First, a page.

A strength of our study is that we used dynamic measurements of the expanding blastocyst of a large cohort of blastocyst transfers with known pregnancy outcomes. Also, the use of linear mixed model analysis took clustering of embryos originating from the same couple into account, preventing a possible bias of a large number of embryos originating from one couple. Our results are independent of the timing of full blastocyst formation because we corrected for this in our model. However, we do acknowledge the limitation of the retrospective and observational nature of this study. All TLM studies are subject to selection bias because of the analysis of fresh embryo transfer with the treatment outcome. These embryos, and the transferred embryos in our study, are already chosen as the best embryos by morphological criteria, where the blastocyst expansion stage is an important selection criterion. Therefore, prospective validation of our results should be performed before application into clinical practice.
The blastocoel of both ICSI embryos and TESE-ICSI embryos was significantly smaller than the blastocoel of IVF embryos. Still, the blastocoel of transferred embryos resulting in an ongoing pregnancy was significantly larger and expanded significantly faster than the blastocoel of transferred embryos that did not, regardless of the fertilization method. Longitudinal blastocyst surface measurements and expansion rates are potential non-invasive quantitative markers that can aid in the embryo selection process. Future research would be to automate these measurements and to investigate the predictive value of adding these parameters to already existing TLM prediction models.
Availability of data and materials
The data underlying this article cannot be shared publicly due to the privacy of individuals that participated in the study. The data will be shared on reasonable request to the corresponding author.
In vitro Fertilization
Intracytoplasmic sperm injection
Testicular sperm extraction combined with intracytoplasmic sperm injection
Time of full blastocyst formation
Single embryo transfer
Inner cell mass
Double embryo transfer
Human chorionic gonadotropin
Time of pronuclear fading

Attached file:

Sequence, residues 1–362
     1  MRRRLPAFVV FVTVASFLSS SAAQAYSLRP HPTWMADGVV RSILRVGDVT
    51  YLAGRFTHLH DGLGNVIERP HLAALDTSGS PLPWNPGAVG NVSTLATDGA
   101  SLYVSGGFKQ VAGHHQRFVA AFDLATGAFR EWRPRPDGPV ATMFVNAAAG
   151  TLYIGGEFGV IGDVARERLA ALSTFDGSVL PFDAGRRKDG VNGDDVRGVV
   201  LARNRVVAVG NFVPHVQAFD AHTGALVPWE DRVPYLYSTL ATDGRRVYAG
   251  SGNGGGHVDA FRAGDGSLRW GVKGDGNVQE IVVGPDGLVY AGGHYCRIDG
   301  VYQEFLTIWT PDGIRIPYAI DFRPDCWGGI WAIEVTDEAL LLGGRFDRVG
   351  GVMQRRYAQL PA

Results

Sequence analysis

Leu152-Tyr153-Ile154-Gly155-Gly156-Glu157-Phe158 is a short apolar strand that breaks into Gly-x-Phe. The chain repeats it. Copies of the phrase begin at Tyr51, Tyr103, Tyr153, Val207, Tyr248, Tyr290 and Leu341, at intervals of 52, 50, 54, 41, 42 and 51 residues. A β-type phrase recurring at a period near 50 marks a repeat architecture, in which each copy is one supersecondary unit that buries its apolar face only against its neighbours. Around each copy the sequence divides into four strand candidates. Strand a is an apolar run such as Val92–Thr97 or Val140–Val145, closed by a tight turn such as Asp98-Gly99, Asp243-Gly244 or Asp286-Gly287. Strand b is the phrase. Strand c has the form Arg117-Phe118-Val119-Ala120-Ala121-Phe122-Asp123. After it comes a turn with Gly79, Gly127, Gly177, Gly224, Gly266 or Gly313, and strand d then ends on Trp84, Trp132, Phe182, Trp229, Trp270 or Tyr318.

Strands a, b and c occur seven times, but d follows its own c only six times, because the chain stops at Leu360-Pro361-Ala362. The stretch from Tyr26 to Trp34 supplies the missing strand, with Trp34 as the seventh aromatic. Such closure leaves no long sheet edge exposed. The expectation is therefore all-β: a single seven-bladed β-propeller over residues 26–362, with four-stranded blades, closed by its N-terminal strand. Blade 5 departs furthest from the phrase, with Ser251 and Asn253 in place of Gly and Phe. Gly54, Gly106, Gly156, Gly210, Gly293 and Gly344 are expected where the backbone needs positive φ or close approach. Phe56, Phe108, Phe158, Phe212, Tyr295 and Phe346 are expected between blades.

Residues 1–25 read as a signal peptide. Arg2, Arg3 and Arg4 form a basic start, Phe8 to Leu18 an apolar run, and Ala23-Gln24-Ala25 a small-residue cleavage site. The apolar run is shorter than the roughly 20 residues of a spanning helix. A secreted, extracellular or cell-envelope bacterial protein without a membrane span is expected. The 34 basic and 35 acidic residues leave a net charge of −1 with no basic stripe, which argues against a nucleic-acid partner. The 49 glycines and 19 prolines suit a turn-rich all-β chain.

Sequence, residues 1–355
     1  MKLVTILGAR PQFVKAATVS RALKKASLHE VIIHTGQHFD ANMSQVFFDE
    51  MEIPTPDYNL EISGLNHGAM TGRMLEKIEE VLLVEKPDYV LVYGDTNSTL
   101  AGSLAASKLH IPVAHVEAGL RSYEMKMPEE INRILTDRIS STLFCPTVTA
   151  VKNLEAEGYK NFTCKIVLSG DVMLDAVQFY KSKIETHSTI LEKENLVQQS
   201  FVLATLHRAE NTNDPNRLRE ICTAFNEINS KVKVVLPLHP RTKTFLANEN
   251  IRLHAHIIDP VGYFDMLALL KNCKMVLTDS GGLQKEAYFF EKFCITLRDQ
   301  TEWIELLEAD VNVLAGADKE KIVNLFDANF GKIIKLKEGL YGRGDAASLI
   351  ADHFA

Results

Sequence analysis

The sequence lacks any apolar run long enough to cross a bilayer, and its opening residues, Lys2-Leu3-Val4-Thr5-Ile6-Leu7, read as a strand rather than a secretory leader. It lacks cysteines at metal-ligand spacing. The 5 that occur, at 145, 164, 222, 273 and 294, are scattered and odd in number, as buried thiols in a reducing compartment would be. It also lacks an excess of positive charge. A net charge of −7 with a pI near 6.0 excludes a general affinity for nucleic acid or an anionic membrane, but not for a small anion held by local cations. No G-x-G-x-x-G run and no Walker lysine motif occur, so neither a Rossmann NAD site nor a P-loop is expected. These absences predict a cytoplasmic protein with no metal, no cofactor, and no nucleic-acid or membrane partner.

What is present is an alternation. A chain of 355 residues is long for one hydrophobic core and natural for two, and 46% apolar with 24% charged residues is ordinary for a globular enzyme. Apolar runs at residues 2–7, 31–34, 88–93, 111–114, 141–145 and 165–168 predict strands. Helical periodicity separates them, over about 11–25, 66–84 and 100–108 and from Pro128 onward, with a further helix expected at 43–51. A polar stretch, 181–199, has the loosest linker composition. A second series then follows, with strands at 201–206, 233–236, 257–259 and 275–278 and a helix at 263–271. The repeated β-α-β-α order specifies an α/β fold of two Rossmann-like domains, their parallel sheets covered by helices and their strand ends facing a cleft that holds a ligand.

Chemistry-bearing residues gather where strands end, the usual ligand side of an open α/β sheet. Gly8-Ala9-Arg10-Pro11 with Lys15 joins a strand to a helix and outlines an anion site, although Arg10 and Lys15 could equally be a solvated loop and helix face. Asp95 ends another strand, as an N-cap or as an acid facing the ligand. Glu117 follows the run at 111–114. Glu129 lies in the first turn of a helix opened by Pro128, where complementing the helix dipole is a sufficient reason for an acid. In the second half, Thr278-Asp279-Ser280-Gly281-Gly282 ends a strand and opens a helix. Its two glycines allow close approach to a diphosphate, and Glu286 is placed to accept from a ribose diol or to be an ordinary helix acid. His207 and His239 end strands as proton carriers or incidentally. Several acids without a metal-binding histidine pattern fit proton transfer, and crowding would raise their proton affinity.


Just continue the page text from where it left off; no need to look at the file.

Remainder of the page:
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This research was funded by the Department of Obstetrics and Gynaecology, Division of Reproductive Endocrinology and Infertility of the Erasmus MC, University Medical Center, Rotterdam, the Netherlands.
Ethics approval and consent to participate
The Medical Ethical Committee of the Erasmus MC examined the study protocol and issued a waiver for the Medical Research Act (in Dutch: Wet medisch-wetenschappelijk onderzoek met mensen (WMO)) (MEC-2016–041), so no formal consent was needed. All patients undergoing treatment at our center are informed that pseudonymized data may be used for retrospective research and patients have the opportunity to object to this. Patients that objected were excluded from the analysis.
Consent for publication
The authors declare that they have no competing interest.
Springer Nature remains neutral with regard to jurisdictional claims in published maps and institutional affiliations.
Additional file 1.
Baselinecharacteristics and treatment outcomes of excluded cycles (cycleswithout embryos that reached the fullblastocyst stage).
Additional file 2.
Baselinecharacteristics of cycles of fresh embryo transfers (SET and DETresulting in either no ongoing pregnancy or atwin ongoing pregnancy).
Additional file 3.
Linearmixed model analysis of blastocyst expansion surface measurementsover time and the expansion rate, of freshembryo transfers (SET and DET resulting in either noimplantationor implantation of both embryos) compared between no pregnancy and biochemicalpregnancy.
Additional file 4.
Linear mixed model analysis of blastocystexpansion surface measurements over time compared between different ovarianstimulation protocols and different culture media.
Additional file 5.
Linear mixed model analysis of blastocystexpansion surface measurements over time and expansion rate, of fresh embryotransfers (SET and DET resulting in either no ongoing pregnancy or a twinongoing pregnancy) compared between IVF, ICSI with ejaculated sperm andTESE-ICSI.
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van Marion, E.S., Chavli, E.A., Laven, J.S.E. et al. Longitudinal surface measurements of human blastocysts show that the dynamics of blastocoel expansion are associated with fertilization method and ongoing pregnancy. Reprod Biol Endocrinol 20, 53 (2022). https://doi.org/10.1186/s12958-022-00917-2
- Time-Lapse Imaging
- Embryonic Development
- Pregnancy Outcome
- Intracytoplasmic Sperm Injections